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Mol Biol Cell. 2017 Oct 1;28(20):2712-2722. doi: 10.1091/mbc.E17-05-0335. Epub 2017 Aug 2.

Sphingolipids facilitate age asymmetry of membrane proteins in dividing yeast cells.

Singh P1,2, Ramachandran SK1,2, Zhu J1,2, Kim BC3,4,5,6, Biswas D7, Ha T3,4,5, Iglesias PA1,4,7, Li R8,2.

Author information

1
Center for Cell Dynamics, Department of Cell Biology, Johns Hopkins University School of Medicine, Baltimore, MD 21205.
2
Department of Chemical and Biomolecular Engineering, Johns Hopkins University, Baltimore, MD 21218.
3
Department of Biophysics and Biophysical Chemistry, Johns Hopkins University, Baltimore, MD 21205.
4
Department of Biomedical Engineering, Johns Hopkins University, Baltimore, MD 21218.
5
Howard Hughes Medical Institute, Baltimore, MD 21218.
6
Division of Nano-bioengineering, Incheon National University, Incheon 22012, Republic of Korea.
7
Electrical and Computer Engineering, Whiting School of Engineering, Johns Hopkins University, Baltimore, MD 21218.
8
Center for Cell Dynamics, Department of Cell Biology, Johns Hopkins University School of Medicine, Baltimore, MD 21205 rong@jhu.edu.

Abstract

One proposed mechanism of cellular aging is the gradual loss of certain cellular components that are insufficiently renewed. In an earlier study, multidrug resistance transporters (MDRs) were postulated to be such aging determinants during the yeast replicative life span (RLS). Aged MDR proteins were asymmetrically retained by the aging mother cell and did not diffuse freely into the bud, whereas newly synthesized MDR proteins were thought to be deposited mostly in the bud before cytokinesis. In this study, we further demonstrate the proposed age asymmetry of MDR proteins in dividing yeast cells and investigate the mechanism that controls diffusive properties of MDR proteins to maintain this asymmetry. We found that long-chain sphingolipids, but not the septin/endoplasmic reticulum-based membrane diffusion barrier, are important for restricting MDR diffusion. Depletion of sphingolipids or shortening of their long acyl chains resulted in an increase in the lateral mobility of MDR proteins, causing aged MDR protein in the mother cell to enter the bud. We used a mathematical model to understand the effect of diminished MDR age asymmetry on yeast cell aging, the result of which was qualitatively consistent with the observed RLS shortening in sphingolipid mutants.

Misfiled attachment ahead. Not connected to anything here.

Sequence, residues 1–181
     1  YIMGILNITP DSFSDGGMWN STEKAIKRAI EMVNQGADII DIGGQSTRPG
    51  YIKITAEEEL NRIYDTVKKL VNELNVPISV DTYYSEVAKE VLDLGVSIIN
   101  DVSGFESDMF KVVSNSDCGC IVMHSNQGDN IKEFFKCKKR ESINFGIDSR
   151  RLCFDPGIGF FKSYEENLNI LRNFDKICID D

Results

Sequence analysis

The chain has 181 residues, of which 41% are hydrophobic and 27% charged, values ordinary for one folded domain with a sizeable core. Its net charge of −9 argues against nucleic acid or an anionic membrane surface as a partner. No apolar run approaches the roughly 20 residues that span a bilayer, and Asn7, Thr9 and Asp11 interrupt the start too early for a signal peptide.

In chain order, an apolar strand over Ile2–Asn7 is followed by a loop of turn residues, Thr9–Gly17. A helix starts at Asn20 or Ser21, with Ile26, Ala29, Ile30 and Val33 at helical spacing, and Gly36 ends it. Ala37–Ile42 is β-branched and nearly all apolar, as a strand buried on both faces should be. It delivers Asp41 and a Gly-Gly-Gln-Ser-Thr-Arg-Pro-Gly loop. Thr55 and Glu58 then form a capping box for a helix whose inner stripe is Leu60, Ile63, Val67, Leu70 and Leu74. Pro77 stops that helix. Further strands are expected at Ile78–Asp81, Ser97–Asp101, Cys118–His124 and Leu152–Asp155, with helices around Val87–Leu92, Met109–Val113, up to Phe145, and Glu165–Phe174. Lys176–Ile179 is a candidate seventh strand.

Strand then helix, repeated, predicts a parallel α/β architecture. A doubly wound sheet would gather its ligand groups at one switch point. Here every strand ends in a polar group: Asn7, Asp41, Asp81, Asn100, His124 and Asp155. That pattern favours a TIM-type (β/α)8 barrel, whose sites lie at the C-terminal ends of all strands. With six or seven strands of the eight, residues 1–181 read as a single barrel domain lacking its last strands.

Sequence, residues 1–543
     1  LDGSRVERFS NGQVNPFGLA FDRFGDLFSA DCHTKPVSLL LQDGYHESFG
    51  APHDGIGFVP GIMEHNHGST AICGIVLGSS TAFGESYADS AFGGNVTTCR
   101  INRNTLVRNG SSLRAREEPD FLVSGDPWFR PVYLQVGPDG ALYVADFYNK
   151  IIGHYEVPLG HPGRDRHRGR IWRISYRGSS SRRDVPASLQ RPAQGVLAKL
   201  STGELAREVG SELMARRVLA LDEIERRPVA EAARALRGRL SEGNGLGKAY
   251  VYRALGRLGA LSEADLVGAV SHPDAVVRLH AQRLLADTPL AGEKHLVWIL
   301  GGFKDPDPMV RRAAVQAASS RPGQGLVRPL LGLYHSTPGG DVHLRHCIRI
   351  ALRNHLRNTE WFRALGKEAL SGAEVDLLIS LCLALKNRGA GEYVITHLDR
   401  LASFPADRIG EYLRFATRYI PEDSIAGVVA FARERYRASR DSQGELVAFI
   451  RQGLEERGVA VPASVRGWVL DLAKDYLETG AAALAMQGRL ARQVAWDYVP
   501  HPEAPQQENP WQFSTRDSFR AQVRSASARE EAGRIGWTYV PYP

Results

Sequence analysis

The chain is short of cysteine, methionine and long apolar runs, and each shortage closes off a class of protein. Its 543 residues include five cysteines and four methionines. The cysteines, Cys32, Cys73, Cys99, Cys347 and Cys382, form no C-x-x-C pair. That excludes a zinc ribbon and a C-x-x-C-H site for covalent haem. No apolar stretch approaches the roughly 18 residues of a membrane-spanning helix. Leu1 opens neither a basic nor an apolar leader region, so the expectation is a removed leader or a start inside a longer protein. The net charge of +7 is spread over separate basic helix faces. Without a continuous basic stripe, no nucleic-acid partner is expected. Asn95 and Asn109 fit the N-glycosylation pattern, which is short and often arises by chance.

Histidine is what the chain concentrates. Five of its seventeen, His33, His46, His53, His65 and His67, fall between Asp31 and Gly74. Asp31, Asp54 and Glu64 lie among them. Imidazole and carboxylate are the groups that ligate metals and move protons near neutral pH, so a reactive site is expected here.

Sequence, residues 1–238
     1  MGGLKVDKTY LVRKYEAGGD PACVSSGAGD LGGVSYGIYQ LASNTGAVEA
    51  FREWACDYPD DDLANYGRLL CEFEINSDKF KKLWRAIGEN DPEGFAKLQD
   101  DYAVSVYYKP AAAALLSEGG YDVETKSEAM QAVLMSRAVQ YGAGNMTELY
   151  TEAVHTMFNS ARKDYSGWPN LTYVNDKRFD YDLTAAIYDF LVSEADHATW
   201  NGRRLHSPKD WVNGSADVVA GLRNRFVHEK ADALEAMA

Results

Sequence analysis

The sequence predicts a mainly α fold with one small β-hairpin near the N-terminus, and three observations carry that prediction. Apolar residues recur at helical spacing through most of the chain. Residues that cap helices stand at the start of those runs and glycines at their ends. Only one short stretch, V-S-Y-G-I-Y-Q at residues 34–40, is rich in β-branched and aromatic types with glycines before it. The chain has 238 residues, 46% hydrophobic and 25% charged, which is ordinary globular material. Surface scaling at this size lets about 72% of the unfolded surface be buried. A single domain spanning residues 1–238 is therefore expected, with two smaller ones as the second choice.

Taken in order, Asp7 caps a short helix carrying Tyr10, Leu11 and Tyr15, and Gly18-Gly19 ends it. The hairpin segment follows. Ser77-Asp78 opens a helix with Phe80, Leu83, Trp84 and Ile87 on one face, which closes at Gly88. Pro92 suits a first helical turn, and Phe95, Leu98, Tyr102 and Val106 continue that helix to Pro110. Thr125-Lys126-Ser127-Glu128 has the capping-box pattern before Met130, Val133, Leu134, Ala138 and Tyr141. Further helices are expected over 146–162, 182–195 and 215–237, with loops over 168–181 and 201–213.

PMID:
28768828
PMCID:
PMC5620378
DOI:
10.1091/mbc.E17-05-0335
[Indexed for MEDLINE]
Free PMC Article

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